China’s relatively low robot density of 87 robots per 10,000 human workers means that it will continue to be a major market for robotics, said Christensen. According to the IFR, robot density is 116 in South Korea, the worldwide average is 110, and it’s 100 in the U.S. Last year, 130,000 robots were sold in China.
However, as a producer of advanced automation, China still lags behind Japan, South Korea, the U.S., and Europe, Christensen said.
“While it’s making 5x bigger investments, it’s not necessarily on par,” he said. “Tencent, Alibaba, and Huawei are trying to build the infrastructure and ecosystem.”
In addition, 30% of all automotive production is for the Chinese market, so the country will be focused on funding its Made in China 2025 strategy rather than other applications, Christensen said.
“Salaries have increased by 150%, so it’s getting cheaper to manufacture goods in Mexico or Southeast Asia,” he added. “China will have to increase productivity to satisfy domestic demand and improve quality to catch up.”
Midea Group’s purchase of Germany’s KUKA AG could help China be more competitive, Christensen said.
Disruptions will require more, different training
“I recently flew on a 737, and airline pilots are only engaged for 17 minutes of a typical flight,” said Christensen. “We could completely automate freight flights today, but we need a framework from the FAA.”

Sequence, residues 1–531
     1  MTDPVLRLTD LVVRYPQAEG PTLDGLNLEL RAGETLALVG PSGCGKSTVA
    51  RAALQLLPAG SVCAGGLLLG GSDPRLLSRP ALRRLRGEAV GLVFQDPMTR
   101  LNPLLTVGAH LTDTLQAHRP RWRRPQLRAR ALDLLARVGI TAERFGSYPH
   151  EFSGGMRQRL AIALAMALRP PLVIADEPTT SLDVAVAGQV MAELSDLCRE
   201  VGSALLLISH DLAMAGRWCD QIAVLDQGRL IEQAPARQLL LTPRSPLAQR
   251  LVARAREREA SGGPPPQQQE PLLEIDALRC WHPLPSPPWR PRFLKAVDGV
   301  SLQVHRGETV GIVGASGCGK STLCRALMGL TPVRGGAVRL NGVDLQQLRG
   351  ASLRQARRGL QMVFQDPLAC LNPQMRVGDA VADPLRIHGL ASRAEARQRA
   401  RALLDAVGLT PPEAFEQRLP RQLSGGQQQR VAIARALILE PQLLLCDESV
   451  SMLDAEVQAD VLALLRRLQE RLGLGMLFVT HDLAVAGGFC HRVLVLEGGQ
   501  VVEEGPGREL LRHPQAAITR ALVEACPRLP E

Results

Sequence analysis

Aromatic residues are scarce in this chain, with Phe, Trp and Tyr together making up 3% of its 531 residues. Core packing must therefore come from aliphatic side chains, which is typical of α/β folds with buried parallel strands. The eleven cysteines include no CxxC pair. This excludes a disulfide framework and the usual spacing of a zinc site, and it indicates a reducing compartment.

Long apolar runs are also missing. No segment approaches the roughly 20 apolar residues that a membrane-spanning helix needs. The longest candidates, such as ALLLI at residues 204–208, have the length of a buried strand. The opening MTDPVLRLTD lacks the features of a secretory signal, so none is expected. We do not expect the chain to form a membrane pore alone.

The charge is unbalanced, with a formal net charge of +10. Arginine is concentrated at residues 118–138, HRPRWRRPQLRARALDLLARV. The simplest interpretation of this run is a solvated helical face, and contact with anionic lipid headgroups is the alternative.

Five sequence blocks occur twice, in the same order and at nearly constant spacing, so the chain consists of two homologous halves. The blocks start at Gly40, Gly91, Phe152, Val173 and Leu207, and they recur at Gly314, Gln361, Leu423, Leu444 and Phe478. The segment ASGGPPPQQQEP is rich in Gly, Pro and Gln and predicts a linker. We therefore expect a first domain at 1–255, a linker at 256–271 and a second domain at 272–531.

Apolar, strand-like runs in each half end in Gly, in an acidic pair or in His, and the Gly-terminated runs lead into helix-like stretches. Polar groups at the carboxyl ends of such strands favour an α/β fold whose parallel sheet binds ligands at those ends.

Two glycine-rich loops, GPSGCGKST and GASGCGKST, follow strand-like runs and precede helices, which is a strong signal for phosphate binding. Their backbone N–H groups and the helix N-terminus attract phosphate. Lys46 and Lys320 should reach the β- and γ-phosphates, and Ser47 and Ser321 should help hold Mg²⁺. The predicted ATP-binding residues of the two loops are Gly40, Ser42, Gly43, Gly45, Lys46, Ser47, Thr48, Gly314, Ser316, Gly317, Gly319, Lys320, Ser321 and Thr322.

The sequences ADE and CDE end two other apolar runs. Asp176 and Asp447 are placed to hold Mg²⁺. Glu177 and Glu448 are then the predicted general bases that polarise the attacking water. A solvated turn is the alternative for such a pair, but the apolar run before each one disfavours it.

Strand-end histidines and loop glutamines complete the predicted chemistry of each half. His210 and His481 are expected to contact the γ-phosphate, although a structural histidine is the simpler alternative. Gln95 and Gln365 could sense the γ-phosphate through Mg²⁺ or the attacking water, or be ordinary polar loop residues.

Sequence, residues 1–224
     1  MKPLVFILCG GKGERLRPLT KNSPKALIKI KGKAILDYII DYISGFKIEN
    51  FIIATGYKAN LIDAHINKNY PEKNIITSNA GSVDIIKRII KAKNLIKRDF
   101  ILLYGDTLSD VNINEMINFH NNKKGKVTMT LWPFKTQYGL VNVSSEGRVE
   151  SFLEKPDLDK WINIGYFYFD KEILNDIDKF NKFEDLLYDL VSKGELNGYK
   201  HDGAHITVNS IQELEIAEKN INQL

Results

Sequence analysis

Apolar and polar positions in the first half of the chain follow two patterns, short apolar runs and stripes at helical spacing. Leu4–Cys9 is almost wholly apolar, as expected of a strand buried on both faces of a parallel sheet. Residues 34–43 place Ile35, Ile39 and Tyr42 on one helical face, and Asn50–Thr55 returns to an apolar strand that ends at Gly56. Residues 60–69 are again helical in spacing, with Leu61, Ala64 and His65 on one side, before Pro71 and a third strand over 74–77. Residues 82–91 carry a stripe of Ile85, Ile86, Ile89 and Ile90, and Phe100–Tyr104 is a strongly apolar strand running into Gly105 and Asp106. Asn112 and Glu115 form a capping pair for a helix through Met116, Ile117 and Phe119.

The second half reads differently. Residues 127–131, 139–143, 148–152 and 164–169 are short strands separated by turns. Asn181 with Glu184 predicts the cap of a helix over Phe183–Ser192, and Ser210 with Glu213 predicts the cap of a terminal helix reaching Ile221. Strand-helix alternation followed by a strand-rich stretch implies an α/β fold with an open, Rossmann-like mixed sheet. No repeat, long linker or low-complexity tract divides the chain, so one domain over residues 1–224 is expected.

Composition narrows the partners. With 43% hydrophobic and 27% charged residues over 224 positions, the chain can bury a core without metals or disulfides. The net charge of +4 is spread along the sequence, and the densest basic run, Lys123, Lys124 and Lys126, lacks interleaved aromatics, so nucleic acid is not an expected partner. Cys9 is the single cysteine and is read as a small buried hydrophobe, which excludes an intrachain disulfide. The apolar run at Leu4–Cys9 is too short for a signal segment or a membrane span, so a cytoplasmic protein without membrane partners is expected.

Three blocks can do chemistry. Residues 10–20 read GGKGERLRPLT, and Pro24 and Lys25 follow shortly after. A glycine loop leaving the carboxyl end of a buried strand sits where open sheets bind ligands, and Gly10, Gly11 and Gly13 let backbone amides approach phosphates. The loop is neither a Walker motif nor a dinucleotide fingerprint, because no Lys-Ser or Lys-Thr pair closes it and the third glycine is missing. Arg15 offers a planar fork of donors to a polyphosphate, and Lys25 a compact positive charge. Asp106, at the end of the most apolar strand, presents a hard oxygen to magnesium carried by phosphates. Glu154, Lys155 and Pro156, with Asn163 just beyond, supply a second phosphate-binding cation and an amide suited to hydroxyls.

“Also, truck drivers represent the biggest employment category in the U.S., so we need to figure out how to reskill these people.”
China’s demographics and focus on education make it a serious contender to lead RAAI, the panelists agreed.
“China has more people under the age of 10 than there are in the entire U.S.,” noted Christensen.
“Computer science is mandatory in China and elsewhere, and it has way more data to train AI,” said Rus. “We get contacted by people who want MIT’s computational compiler for their high schools.”
“Universities will be disrupted in the next 10 to 20 years,” asserted Christensen. “There must be continuing education for all ages, done through the workplace. We have to rethink technology literacy, and AI can help make it more accessible.”
“Salaries in RAAI are 10 to 20 times higher than at universities,” Rus said. “Part of the challenge is how to keep professors. We also need more R&D budgets and partnerships between academia and industry.”
“What is the tipping point for robotics acceptance by the general public?” Buck asked.
“I think it will be in about 10 years, with the massive retirements of baby boomers,” Shepherd replied.
Despite recent slowdowns, ROBO Global’s index expects 25% annual growth to continue, said Jeremie Capron, head of research at ROBO Global.